Staff Editorial: Our votes for midterm measures
If you’re voting here in Missouri this Tuesday, you’ll find several amendments and propositions on the ballot—including three measures relating to medical marijuana. Although much of the attention leading up to the election has been on the very close senatorial race for Claire McCaskill’s seat, we, the Student Life Editorial Board, urge you to enter the voter booth informed about these issues, too (check out our ballot explainer and voting guide!). Here, we’ll let you know how we’ll be voting next week, and hope you decide to do the same.
In our view, Amendment 1 is a great initiative to improve the transparency of the Missouri state government. There was nothing not to like about this measure. It seeks to reduce the impact of money on politics—in effect, leveling the playing field for candidates. It increases accountability of politicians by redrawing district lines. And it has strong endorsements from Planned Parenthood, Senator Claire McCaskill, the NAACP and more. We were in unanimous agreement on this one.
As for those three medical marijuana initiatives (Amendment 2, Amendment 3 and Proposition C), we’ll be voting “yes” on two of them: Amendment 2 and Proposition C. Of the three, we unanimously prefer Amendment 2. It raises revenue for underfunded healthcare programs, has a reasonable tax rate and, of the three, is the only one that does not allow for local bans. Vote for Prop C, too. Although, unlike Amendment 2, it can be changed by the legislature, it is better than nothing. On Amendment 3, vote no. It grants too much power to the man who proposed it, personal injury attorney and doctor Brad Bradshaw, and has an absurdly high tax rate that puts the burden on patients.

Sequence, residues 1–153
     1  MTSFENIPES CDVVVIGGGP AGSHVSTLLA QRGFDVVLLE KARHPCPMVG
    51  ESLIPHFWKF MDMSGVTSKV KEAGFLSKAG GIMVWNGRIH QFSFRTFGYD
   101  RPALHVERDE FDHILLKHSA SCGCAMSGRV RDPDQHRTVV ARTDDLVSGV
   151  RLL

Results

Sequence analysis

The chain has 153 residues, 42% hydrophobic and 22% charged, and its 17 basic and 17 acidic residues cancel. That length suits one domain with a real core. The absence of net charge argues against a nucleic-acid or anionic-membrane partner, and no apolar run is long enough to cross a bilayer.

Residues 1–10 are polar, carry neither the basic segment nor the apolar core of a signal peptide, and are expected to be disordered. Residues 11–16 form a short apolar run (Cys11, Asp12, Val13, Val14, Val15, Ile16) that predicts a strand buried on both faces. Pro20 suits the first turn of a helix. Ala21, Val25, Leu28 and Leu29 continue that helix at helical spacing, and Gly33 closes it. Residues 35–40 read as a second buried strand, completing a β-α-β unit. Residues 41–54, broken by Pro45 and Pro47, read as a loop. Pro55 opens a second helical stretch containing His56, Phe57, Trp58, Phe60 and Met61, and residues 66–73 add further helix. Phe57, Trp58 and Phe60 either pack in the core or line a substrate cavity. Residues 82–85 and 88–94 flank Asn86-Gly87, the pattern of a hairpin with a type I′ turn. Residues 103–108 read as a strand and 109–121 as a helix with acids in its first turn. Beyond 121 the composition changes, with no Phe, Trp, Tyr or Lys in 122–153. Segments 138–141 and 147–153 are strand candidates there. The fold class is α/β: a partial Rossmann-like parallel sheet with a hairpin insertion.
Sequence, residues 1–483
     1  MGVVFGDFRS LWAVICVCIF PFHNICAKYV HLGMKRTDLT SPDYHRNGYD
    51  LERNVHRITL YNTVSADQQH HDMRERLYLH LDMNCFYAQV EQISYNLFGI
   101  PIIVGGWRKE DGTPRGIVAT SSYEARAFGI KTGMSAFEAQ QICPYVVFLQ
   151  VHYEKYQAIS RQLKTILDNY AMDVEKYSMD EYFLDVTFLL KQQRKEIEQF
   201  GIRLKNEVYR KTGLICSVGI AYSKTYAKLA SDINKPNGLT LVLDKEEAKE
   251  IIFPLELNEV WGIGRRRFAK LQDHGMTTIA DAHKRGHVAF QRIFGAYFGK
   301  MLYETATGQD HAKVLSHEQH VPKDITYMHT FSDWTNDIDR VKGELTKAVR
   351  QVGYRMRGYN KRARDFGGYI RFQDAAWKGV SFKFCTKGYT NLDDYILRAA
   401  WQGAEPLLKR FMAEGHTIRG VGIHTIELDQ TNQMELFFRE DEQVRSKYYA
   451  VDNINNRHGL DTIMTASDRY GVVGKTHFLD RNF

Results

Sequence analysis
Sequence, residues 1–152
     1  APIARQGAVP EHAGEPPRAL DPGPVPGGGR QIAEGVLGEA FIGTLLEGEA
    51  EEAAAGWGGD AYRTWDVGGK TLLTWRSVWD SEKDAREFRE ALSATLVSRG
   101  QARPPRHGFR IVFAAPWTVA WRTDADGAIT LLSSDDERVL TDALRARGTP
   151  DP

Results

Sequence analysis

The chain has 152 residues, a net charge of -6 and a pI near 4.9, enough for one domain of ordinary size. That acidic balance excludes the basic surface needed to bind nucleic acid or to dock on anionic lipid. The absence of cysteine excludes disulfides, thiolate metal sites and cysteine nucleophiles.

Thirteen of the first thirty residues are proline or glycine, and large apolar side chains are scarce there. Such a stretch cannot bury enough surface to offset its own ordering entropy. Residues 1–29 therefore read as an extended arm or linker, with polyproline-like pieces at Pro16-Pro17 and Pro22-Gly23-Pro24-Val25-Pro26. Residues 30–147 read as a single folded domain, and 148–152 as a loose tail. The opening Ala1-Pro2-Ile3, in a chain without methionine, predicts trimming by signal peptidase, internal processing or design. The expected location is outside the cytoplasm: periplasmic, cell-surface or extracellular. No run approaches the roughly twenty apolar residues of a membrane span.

Admittedly, Amendment 4 is about a somewhat trivial topic: bingo. But by allowing bingo games to be advertised, the amendment could lead to increased revenue for the many charitable organizations that use bingo as a fundraising opportunity. The restrictions on advertising were already ruled to be unconstitutional by a judge, this amendment just makes that official, so why not vote yes?
On Proposition B—which would raise the minimum wage in Missouri from $7.65 to $12—we again reached unanimous agreement: vote “yes”. While $12 is less than the $15 many were hoping for, it’s certainly a step in the right direction for one of the poorest states in the nation.
The ballot measure we were most divided on was Prop D, but we ultimately decided not to endorse this proposition, which was described by a member of our Editorial Board as an effective “Trojan Horse.” The main point of this proposition is to increase the gas tax and to allocate money toward improving infrastructure—which we fully support. However, Prop D is a classic example of a pork barrel initiative: Lumped into this measure is a provision that would exempt Olympic prize money from taxation.
Regardless of your party affiliation, or lack thereof, make sure to cast a ballot come election day. It’s not only your right—it’s your civic duty.